Part III: 3 Secrets to Workforce Attraction

Posted by Guillermo Mazier on Jun 4, 2009 5:08:36 AM

Before you jump into part III, go ahead and check out part I and part II.

So, now that we know how young talent is approaching relocation and what makes a community cool, let's talk about strategy. About what you can do to get a piece of this new talent pie.

So, without further ado, 3 Secrets to Workforce Attraction:

1. Every community has something to offer.

The first step is identifying what you already have: what already makes you attractive to the workforce. If you don't know, ask your existing workforce.

Here are a couple examples:

If you are Danville, Kentucky: you're only 45 minutes away from the capital, you've got a rockin balloon festival and an equally rockin bluegrass festival every summer. And your main street programs are making downtown more and more clean, classic and charming every month.

If you're Aurora, Colorado: you're so close to the international airport. You're home to Fitzsimons' world-class medical, dental and research facilities. And then there's Cherry Creek State Park, the Cherry Creek Bike Path, all sorts of transportation options and a proximity to Denver and its city amenities.

So, whether you're big or small, high-cost or low-cost, you have something that the workforce wants. That's your first strength: your first go-to. Before you change anything. Before you ask what you're doing wrong. Ask first what you're doing right.

2. Someone needs to know what you have to offer.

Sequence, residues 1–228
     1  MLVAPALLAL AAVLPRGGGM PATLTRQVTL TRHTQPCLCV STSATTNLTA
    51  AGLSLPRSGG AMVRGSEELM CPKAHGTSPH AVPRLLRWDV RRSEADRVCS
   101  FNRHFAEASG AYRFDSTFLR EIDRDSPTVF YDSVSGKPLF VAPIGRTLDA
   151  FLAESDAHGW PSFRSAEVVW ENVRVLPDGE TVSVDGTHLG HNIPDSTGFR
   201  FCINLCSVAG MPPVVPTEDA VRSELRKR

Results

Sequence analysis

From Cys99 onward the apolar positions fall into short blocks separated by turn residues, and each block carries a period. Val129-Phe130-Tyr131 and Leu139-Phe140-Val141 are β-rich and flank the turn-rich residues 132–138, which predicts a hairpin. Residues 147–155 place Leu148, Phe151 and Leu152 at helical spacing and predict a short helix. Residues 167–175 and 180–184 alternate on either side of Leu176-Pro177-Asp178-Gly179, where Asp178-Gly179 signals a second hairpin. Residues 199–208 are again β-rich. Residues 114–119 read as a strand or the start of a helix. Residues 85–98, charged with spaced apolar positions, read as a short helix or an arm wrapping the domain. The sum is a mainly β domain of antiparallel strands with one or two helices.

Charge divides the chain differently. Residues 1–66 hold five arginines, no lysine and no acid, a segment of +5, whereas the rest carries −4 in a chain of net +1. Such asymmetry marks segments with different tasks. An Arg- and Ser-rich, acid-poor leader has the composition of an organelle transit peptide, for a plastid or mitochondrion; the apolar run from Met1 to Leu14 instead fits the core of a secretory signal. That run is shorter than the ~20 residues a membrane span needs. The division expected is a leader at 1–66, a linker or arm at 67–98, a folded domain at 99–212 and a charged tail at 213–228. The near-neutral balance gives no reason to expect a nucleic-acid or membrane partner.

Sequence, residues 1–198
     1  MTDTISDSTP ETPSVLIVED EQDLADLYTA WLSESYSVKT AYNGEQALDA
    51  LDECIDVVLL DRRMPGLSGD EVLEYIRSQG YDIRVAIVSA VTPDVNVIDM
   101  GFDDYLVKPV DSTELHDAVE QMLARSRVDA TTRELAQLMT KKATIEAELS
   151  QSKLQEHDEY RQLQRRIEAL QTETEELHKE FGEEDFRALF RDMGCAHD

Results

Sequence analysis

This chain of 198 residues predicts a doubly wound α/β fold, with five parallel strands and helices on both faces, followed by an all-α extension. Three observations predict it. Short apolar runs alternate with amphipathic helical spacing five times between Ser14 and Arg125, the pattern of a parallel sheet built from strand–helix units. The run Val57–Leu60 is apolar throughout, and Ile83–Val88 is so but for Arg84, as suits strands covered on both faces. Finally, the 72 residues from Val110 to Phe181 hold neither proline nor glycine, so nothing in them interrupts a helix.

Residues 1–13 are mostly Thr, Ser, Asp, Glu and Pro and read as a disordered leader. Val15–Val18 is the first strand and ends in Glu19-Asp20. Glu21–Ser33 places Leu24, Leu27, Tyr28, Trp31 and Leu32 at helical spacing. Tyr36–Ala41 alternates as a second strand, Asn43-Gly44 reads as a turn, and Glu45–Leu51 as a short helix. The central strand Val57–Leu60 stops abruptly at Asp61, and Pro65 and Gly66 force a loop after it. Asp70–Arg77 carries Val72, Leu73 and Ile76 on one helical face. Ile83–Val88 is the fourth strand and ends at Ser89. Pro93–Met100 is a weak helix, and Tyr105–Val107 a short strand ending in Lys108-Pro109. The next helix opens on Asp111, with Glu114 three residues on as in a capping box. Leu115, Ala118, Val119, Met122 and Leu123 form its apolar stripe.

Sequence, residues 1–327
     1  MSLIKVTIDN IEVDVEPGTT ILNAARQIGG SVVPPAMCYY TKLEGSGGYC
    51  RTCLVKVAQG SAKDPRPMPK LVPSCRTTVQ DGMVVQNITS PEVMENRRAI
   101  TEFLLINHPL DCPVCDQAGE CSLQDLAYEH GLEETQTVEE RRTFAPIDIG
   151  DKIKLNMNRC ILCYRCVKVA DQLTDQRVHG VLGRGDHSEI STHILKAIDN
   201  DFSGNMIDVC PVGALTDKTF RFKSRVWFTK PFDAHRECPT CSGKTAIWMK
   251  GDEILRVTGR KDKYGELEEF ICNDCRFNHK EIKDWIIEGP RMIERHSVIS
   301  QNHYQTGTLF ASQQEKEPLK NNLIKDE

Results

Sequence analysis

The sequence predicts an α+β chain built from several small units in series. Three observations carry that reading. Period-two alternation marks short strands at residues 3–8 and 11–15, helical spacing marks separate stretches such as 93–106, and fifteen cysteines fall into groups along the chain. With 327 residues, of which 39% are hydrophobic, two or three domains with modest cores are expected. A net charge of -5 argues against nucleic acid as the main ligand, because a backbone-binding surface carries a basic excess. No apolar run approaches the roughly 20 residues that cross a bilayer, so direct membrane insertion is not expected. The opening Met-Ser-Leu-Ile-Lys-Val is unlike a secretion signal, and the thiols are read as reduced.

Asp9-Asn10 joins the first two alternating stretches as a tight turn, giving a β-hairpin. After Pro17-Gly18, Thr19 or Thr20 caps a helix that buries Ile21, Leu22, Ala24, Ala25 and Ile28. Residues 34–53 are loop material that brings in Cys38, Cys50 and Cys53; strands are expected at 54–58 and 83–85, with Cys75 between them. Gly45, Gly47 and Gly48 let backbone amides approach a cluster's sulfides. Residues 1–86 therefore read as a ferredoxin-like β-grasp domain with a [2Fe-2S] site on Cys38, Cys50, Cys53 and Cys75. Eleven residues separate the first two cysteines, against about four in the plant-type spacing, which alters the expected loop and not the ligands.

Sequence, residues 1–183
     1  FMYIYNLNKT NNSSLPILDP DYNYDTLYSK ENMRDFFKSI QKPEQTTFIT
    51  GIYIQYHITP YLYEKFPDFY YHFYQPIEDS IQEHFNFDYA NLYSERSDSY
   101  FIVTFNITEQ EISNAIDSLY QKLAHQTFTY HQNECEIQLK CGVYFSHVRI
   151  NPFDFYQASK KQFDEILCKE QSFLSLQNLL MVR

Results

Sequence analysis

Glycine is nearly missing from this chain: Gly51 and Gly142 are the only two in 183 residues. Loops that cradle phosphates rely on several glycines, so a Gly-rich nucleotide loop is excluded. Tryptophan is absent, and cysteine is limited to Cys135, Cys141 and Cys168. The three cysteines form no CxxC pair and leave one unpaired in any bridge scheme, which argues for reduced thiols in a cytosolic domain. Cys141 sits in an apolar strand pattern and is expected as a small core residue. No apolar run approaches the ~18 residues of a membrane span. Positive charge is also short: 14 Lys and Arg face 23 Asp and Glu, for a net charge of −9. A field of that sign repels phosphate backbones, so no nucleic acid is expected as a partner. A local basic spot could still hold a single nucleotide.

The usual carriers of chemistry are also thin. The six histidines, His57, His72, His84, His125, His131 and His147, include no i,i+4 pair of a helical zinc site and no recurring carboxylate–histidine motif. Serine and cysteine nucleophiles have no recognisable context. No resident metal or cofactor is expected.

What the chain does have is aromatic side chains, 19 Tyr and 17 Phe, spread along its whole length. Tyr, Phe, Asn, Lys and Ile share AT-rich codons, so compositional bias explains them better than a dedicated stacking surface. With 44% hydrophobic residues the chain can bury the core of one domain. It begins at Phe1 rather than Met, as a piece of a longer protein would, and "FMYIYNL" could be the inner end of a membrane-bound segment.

Of course, it's not enough to just have the most amazing, walkable park system. Or a thriving musical community. Or 10 colleges in a 15-minute radius. People have to know that you have it.

That's where the online comes in. Young talent was raised on technology. We love computers. We love the internet. And, Google? Let's just say that we're intimately involved. So, if you want to reach us, reach Google. Reach the online community. Let us know, through the good ol' www, that you're out here and that you're cool.

For some of you, this means an extension on your existing website. It means making your workforce attraction or "living here" section more information-rich, community-connected, easily-accessible.

For others, it means building a microsite that is totally devoted to workforce--taking your efforts outside of the confines of your existing website and making it even simpler for your workforce to navigate, since it's all for them.

For still others, this means the newest of the new media. It means connecting your local Young Professionals organization with your website. It means starting a blog about your community. It means having a facebook group, maintaining a twitter account or using LinkedIn to generate community and relationships.

3. Every community has opportunities to offer more.

This third secret is just what it says it is. Once you have identified what you do have, think about what else you could have.

A great example of this is Nashville, whose mayor was on a mission for more parks and green space. The mayor decided that it was important that everyone be within a 10-minute walk of a park.

And, in keeping with the second secret, get the word out. Send out your facebook, LinkedIn, Twitter and blog messages: hey, we're building more parks! Hey, we've got a new art museum. And, bonus, Sundays are free days.

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